Don’t Stan Serial Killers

I wrote you but you still ain’t callin’…

There are few things in this world, on a socially linguistic level, I hate more than the word “stan”. My problem with it primarily stems from its origins and the fact that I’m not fully convinced everyone who uses it is fully aware of its background. I don’t necessarily think, in the social climate we currently inhabit, knowing where “stan” comes from would stop too many people from using it, but I think it’s worth remembering anyway.

In 2000, Eminem released a song about a fan so obsessive that being ignored by his favorite artist ultimately led to a double murder-suicide. It was popular on release, and is widely regarded to be one of Eminem’s best songs. Despite this it seemed to go mostly under the radar after a while, as most pop culture does. People weren’t talking about it as frequently after a few years, although it has maintained its reputation. It stuck with me long after it seemed to fade from public consciousness. I had never heard anything like it before. Songs about obsession were nothing new, but celebrity obsession from the fan POV was new territory to me, and a little shocking.

Imagine my surprise when, years after its release and apparent fade, “Stan” emerged again not as some kind of cautionary tale, but as hyperbolic description of fandom. Despite the fact that it sticks in my craw probably more than it should on principle, even this in itself doesn’t bother me so much. We live in an age right now where the best way we’ve learned to cope is through hyperbole, and that’s fine. To each their own and all that. I don’t think we’re suddenly going to devolve from using it to mean “being a fan of something” all the way down to murder-suicide.

It is perhaps beside the point that Dahmer was gay…

The worst use of “stan” I have ever seen, though, is when it gets applied to serial killers. Now, listen. I like true crime as much as the next girl. Not as big a fan of unsolved, personally, but I find true crime and the process of solving cases absolutely fascinating. Forensic psychology and behavioral profiling in particular are my favorite aspects. Figuring out why someone does something and what makes them tick is endlessly absorbing for me. I have whole sections of my library, podcasts, and streaming platform recommendations dedicated to true crime. Despite this level of dedication (or maybe because of it) not once in all my reading/watching/listening have I ever thought, “you know who’s really cool? Charles Manson,” or anything like that. I was, in fact, relieved on deeply emotional levels when that particular societal monster descended into hell.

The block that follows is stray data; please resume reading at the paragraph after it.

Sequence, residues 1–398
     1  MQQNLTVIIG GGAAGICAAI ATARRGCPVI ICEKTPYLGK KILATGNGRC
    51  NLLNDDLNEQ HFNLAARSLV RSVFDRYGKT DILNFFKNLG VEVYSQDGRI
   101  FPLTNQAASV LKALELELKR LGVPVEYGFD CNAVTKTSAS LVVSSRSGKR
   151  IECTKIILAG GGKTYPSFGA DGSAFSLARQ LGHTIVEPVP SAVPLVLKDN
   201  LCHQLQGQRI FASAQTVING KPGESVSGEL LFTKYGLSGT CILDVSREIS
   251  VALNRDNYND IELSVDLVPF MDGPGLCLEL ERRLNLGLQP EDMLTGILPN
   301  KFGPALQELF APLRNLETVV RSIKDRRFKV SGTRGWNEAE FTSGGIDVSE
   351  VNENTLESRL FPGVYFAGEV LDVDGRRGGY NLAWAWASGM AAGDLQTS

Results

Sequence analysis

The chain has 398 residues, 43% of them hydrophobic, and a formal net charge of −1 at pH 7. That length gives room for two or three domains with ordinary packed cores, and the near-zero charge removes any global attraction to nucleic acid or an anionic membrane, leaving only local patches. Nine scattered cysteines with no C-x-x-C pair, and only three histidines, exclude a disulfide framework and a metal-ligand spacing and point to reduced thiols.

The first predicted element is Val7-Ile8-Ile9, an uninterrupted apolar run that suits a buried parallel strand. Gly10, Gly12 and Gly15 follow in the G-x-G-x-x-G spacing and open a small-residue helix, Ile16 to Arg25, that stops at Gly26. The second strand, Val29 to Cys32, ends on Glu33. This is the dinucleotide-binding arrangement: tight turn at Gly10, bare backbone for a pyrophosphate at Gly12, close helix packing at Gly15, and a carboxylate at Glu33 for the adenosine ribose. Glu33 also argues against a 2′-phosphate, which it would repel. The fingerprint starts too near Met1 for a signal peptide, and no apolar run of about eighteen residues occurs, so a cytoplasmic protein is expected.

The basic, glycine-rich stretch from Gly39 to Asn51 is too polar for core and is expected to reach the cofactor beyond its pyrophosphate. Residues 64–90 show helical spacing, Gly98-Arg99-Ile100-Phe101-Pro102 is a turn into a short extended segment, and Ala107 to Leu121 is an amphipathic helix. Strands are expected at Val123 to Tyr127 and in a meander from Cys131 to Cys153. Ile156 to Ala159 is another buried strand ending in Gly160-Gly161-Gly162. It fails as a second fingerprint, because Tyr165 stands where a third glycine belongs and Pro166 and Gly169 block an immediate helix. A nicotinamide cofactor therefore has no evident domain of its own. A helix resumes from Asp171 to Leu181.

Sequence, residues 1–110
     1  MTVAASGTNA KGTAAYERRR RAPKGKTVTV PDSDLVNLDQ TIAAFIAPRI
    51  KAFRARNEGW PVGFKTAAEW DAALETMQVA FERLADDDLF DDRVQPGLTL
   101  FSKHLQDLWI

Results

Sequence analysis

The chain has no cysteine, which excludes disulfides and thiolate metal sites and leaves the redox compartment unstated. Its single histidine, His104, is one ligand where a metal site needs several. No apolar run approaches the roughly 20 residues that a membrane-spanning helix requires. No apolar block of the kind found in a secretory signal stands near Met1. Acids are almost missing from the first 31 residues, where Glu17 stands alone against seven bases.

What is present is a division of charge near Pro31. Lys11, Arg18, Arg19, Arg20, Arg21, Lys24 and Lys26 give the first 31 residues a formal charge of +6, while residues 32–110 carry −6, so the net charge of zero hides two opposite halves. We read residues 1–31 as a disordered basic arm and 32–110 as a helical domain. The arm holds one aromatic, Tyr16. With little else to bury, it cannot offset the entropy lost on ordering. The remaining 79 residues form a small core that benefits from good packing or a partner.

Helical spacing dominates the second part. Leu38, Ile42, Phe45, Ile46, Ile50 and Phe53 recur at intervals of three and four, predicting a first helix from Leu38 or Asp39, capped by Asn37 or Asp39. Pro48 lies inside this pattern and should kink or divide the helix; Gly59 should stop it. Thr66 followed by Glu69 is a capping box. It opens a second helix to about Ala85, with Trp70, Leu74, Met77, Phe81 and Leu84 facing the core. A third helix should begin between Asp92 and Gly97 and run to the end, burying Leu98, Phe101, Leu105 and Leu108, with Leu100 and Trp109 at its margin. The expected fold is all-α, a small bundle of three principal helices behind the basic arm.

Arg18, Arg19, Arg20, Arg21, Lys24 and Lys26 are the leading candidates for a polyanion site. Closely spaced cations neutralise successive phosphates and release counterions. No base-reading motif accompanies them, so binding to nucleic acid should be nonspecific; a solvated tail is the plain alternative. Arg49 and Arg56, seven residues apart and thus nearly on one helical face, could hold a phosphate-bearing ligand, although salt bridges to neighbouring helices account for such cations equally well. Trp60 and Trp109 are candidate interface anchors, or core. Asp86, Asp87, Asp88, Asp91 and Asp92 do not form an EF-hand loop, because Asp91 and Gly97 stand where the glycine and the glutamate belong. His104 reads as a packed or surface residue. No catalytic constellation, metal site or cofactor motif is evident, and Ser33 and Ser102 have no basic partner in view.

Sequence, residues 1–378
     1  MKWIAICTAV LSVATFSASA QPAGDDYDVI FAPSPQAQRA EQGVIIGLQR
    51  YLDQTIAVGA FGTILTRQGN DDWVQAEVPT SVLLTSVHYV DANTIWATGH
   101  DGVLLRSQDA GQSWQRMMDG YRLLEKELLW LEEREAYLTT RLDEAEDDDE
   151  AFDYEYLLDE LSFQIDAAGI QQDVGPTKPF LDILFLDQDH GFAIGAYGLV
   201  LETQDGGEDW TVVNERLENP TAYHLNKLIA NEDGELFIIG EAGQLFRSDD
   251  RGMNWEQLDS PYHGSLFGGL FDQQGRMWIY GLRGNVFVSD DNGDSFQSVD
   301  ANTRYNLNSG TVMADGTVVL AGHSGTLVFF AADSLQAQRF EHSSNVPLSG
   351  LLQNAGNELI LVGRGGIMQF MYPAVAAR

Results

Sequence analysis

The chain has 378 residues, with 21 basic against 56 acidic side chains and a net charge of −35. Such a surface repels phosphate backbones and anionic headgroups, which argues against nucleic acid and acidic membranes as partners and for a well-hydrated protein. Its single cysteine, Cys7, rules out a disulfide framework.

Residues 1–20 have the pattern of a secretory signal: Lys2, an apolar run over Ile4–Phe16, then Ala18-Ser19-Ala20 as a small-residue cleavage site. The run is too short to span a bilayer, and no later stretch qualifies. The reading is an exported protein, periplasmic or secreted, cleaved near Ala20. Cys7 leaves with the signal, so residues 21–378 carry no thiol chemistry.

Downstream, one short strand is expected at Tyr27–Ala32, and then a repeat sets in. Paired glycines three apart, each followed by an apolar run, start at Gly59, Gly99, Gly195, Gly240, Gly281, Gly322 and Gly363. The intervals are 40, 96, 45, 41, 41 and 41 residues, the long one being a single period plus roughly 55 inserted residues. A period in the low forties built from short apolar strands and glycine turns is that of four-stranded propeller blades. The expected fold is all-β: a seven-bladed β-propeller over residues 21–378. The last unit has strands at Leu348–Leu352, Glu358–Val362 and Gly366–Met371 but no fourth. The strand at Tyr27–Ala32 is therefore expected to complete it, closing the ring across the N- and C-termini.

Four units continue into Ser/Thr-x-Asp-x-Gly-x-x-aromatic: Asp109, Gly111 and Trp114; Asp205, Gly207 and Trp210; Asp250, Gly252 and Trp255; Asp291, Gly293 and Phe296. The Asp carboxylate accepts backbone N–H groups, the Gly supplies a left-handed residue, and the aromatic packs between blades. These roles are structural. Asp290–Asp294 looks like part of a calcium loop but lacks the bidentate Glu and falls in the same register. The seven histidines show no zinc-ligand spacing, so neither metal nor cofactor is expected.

Color me shocked, then, to come across a Twitter battle the other day the likes of which I’d hoped never to see. Apparently, “stanning” serial killers is enough of a thing that there was an argument between “fans” of Manson and Bundy about who was better. More to the point, one side argued “Manson started a social revolution”. I could give a million different reasons why this is one of the worst things I’ve ever laid my eyes on, but just now I’ll leave it at some basic facts:

  1. He did not “start a social revolution” — he wanted to start a race war.
  2. When the race war he wanted didn’t happen, he killed (yes, he did) and got others to kill for him and make it look — as far as he was concerned — like the murders had been committed by the Black Panthers so he wouldn’t look stupid to his followers.
  3. He preyed on the socially unwanted and got them to call him things like “Jesus Christ”.
  4. He did, in fact, kill at least one person by his own hand.
  5. He did not start a social revolution.
(source)

Both Manson and Bundy were a lot of things. Listen to documentaries and footage from the court case and you’ll hear about how handsome and intelligent Bundy was (he wasn’t either of those things, but they will tell you he was). Manson was a small, vindictive racist upset he couldn’t get a record deal. Both killed relatively indiscriminately — and neither deserves admiration — yet they are the first two examples to come up in a Google search of why people admire serial killers. I know, because I checked.

It is a phenomenon that’s been happening since around the time of Bonnie and Clyde, when women wanted to emulate her style and fans who had tracked their progress and been cheering them on swarmed the car after they had been shot down, trying to grab any piece of them as a token. Thousands upon thousands attended their respective funerals (although there were more at Bonnie’s).

Similarly, Bundy’s was the first televised court case of its kind, and was frequently attended by masses of admiring women, despite the fact they knew that outside of that room he would not have hesitated to make them his next victim. Fast forward to today where, apparently, people still have strong (positive?) feelings about the ideologies of people like Charles Manson and we see the “serial killer fandom”, such as it is, has progressed grossly far. While I am certain these people exist in minority — most of us know these were poisonous human beings who were dangerous and terrible — the fact they exist at all is strange and somewhat troubling.

Being a fan of true crime is nothing to be ashamed of. Following cases is nothing to be ashamed of. It’s fascinating to try and assemble the pieces of human nature into some cohesive picture. Be a fan of whomever and whatever you want. “Stan” whomever and whatever you want. Just do it safely, and make sure what you’re defending isn’t a serial killer.

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Katelyn Nelson

Katelyn Nelson

80 Followers

Katelyn Nelson’s writing interests lean mostly toward pop culture analysis and representation. She tweets @24th_Doctor, mostly about horror.